Starbucks’ announcement to enter China’s tea market has raised a few eyebrows. Some questioned why Chinese consumers would want to drink tea from a foreign coffee chain, given their own rich tea tradition. I wondered, however, why it took Starbucks so long to venture into China’s tea business.
China may have thousands of years of tea-drinking history, but its tea culture has been largely lost.
Little has changed in China’s tea culture
I recently visited Longjing Village in Hangzhou, one of China’s famous tea capitals. A college friend wanted to treat me to my hometown’s finest green tea—the Longjing tea, also known as Dragon Well tea. Legend has it that the Qing emperor Qianlong favored Longjing tea so much that he planted 18 tea trees in the hills himself.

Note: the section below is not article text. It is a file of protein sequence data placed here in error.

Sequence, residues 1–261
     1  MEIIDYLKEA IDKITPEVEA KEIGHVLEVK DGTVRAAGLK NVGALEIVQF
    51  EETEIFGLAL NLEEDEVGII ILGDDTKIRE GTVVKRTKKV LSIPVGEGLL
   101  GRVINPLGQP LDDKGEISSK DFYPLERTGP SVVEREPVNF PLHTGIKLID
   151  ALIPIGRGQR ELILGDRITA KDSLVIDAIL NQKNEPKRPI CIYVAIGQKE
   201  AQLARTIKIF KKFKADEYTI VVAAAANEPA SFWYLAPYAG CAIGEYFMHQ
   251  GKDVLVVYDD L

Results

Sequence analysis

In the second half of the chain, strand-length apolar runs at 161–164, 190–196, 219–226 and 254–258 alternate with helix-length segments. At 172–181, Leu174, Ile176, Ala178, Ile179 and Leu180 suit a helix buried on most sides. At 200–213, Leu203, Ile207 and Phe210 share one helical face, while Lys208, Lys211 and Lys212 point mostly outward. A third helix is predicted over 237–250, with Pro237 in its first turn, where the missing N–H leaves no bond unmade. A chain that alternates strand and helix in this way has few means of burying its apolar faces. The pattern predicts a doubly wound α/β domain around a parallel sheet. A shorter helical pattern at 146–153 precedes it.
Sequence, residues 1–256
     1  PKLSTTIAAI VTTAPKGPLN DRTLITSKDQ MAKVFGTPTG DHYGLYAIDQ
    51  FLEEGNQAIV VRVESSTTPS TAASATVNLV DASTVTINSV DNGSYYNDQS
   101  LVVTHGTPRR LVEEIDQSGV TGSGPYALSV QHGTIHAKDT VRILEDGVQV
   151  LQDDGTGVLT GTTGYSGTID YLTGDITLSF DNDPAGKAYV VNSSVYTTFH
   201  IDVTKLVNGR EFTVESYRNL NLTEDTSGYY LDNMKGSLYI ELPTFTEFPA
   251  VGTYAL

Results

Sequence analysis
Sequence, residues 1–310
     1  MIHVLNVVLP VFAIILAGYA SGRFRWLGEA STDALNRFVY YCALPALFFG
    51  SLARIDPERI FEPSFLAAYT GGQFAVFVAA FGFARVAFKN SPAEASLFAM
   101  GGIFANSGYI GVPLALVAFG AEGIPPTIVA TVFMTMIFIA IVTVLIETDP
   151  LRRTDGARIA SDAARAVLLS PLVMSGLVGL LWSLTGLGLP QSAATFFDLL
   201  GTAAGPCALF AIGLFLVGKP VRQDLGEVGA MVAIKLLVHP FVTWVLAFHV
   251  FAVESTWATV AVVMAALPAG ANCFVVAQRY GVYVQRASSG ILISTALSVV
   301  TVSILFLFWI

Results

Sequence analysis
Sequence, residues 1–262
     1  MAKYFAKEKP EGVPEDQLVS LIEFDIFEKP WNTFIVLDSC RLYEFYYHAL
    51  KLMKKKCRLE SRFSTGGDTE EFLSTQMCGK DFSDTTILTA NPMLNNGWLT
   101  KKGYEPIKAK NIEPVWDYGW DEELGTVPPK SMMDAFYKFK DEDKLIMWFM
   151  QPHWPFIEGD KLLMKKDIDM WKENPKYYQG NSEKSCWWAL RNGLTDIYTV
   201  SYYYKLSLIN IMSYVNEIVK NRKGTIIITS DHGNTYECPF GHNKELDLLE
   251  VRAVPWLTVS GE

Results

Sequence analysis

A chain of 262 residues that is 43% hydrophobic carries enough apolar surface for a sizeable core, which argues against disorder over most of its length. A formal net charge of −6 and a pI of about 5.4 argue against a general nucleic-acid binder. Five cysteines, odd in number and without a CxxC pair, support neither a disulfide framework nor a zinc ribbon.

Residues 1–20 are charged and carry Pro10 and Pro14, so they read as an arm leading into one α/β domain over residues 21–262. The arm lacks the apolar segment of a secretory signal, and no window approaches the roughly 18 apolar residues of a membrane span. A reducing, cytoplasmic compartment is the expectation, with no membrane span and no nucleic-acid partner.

Farmers at Longjing Village have been growing tea for centuries. In recent years, they turned the village into a tea garden with restaurants featuring local cuisine. Its countryside setting is much sought after by locals and tourists alike who want to escape the stress of city life. Continue reading